Pushing Myanmar: Crowdfunding Campaign Raises Thousands of Dollars to Build Skate Park in Yangon

A skateboarding nonprofit group behind community-built skate parks in Jordan, India and Bolivia will soon bring professionally constructed ramps and slopes to Yangon, the capital of Myanmar.

The aim of Pushing Myanmar, the new project by the German nonprofit Make Life Skate Life, is to create the first free and community-built skate park in Yangon, home to more than 5 million people. In exchange for the city providing land for the park, Make Life Skate Life agreed to raise the funds and build it. Days before the end of the fundraising campaign, the $19,500 donation goal had been met.

In November, around 30 volunteers from areas such as India, the U.K. and Russia will arrive in Myanmar (formerly known as Burma) to build the concrete park with local skaters and residents. They’re aiming to finish it by the beginning of December, Jon Chaconas, director of operations at Make Life Skate Life, tells Newsweek. Last year, the organization built 7Hills skate park in Amman, the Jordanian capital, and the park has since turned into a multicolored community hub for children, skaters and artists.

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The skateboarding community in Yangon numbers around 100, and there are pockets of skaters all over the city, says Ali Drummond, a British skater and local project coordinator for Pushing Myanmar. In the absence of a proper park—a skate park built in Yangon in the 1990s was torn down by a private company in 2012, he says—the city’s skaters currently congregate at a busy intersection underneath a flyover. While it’s a functioning site, it’s not enough.

“They have somewhere to come and skate, but the capacity doesn’t meet the demand,” says Drummond, who has lived in Yangon for five years and made documentaries about skateboarding in Myanmar, Youth of Yangon and Altered Focus Burma. “The current place [underneath the flyover] will act as a sister skate park to the one we build.”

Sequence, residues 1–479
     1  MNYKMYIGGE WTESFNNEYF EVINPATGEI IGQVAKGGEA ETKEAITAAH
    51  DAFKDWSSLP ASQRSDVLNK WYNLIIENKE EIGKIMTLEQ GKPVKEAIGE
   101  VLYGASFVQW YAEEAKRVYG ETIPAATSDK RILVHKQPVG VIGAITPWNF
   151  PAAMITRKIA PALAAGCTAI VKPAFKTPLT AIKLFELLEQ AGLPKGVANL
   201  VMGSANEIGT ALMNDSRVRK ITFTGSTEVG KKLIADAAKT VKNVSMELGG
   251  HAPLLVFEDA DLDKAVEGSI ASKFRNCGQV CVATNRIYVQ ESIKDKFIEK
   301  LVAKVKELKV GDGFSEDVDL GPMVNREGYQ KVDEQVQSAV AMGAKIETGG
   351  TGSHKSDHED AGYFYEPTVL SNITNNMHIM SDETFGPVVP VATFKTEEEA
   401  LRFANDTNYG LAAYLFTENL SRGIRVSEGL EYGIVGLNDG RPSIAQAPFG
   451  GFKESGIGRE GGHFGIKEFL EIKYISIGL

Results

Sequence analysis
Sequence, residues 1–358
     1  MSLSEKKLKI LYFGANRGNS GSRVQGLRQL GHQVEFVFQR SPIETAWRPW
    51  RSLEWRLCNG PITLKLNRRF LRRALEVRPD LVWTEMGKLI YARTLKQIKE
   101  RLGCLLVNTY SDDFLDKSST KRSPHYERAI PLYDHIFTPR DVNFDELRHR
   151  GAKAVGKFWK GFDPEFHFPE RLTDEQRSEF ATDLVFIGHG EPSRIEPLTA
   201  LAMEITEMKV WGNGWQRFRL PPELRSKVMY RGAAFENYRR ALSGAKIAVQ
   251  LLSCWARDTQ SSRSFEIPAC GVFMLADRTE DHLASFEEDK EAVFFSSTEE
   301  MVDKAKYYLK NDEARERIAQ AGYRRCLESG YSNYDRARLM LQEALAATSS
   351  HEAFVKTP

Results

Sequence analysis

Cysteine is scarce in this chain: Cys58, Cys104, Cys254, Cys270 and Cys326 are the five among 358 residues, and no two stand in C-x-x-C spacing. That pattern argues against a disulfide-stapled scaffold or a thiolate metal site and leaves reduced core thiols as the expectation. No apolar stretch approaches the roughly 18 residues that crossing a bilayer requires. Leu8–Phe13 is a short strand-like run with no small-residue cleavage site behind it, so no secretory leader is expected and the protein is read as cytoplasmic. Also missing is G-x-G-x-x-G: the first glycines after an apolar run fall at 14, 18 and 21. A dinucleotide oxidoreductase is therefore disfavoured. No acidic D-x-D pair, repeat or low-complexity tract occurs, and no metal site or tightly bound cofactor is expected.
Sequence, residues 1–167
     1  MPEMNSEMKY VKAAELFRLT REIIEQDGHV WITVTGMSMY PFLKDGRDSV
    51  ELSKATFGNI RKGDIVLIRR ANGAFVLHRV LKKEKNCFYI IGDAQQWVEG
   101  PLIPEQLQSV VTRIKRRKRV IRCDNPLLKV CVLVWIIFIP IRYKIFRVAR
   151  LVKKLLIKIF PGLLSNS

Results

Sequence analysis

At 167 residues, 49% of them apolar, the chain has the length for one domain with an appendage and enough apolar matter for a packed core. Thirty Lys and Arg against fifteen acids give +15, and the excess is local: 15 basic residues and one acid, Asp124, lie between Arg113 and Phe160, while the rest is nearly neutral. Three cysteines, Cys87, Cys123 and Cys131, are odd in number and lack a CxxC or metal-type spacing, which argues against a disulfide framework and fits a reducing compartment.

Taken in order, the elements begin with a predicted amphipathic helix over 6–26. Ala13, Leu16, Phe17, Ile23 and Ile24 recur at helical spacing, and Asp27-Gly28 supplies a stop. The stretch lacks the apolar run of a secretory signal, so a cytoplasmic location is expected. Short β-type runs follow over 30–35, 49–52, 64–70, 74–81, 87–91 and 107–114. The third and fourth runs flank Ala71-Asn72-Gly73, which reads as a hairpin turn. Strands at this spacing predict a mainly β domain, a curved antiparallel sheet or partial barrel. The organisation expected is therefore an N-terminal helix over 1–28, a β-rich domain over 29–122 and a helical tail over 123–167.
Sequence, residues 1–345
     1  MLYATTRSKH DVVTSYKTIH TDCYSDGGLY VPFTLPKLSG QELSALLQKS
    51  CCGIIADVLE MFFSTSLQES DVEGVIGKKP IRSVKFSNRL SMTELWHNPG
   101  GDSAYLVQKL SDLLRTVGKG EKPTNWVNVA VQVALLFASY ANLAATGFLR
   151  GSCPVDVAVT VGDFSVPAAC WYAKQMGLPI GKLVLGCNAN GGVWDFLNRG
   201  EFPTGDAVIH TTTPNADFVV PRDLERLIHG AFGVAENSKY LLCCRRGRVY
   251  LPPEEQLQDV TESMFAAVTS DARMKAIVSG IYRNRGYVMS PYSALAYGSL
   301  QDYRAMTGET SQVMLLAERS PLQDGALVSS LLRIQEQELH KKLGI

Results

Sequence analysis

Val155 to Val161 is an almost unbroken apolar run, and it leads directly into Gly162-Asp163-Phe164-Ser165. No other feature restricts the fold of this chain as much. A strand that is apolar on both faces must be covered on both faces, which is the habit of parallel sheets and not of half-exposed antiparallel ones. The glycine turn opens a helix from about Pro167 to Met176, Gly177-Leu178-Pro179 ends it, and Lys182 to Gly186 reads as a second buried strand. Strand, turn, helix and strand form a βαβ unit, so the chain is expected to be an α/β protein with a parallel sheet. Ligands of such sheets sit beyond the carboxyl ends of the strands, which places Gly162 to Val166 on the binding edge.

Pushing Myanmar worked with the Yangon City Development Committee—seen by some as a “Kafkaesque organization full of red tape,” says Drummond—for five months to find a suitable spot for the park. The parks department ultimately chose the 3,229-square-foot location in Mya Lay Yon Kyaung Road in Yangon’s southwestern Kamaryut township after rejecting several suggestions from Pushing Myanmar; it’s close to where the skateboarding community is based.

For skaters in Myanmar, “there’s a bit of a negative image towards them, as there is around the rest of the world, a big stereotyped image,” says Drummond. Still, as has happened in Jordan, Bolivia and India, Pushing Myanmar hopes to use the skate park to bring communities together, teach children how to skate and pass on skills and knowledge for building future skate parks. That’s especially important in a city that lacks public space and extracurricular activities for kids, says Drummond. Nearly 30 percent of the population is under the age of 15, according to the Population Reference Bureau, a nonprofit based in Washington, D.C.

“It will definitely be a space to bring people together,” says Drummond, adding that he hopes it will be a blueprint for many more parks in the city.

The organizers also hope the Yangon park will help Burmese skaters connect with those from nearby countries. Thailand and Singapore have some of the biggest skating scenes in the region, while Brunei and Vietnam also have skating spots, according to WannaSk8, an online atlas that maps international skate parks.

“Having a skate park is really going to be a venue for cross-cultural exchange,” says Drummond.

Construction on the Yangon park is scheduled to begin shortly after Myanmar’s landmark November 8 elections, the first to be held since a civilian government took control of the country after decades of military rule in 2011. While Drummond says “there’s definitely religious tension” in the country, skating in Myanmar is open to people from all religious and ethnic backgrounds, and politics are rarely discussed.

“Skateboarding is a release,” says Drummond. “I wouldn’t say the skateboarders here are active or politically involved. They just go skating.”

Source: News Week

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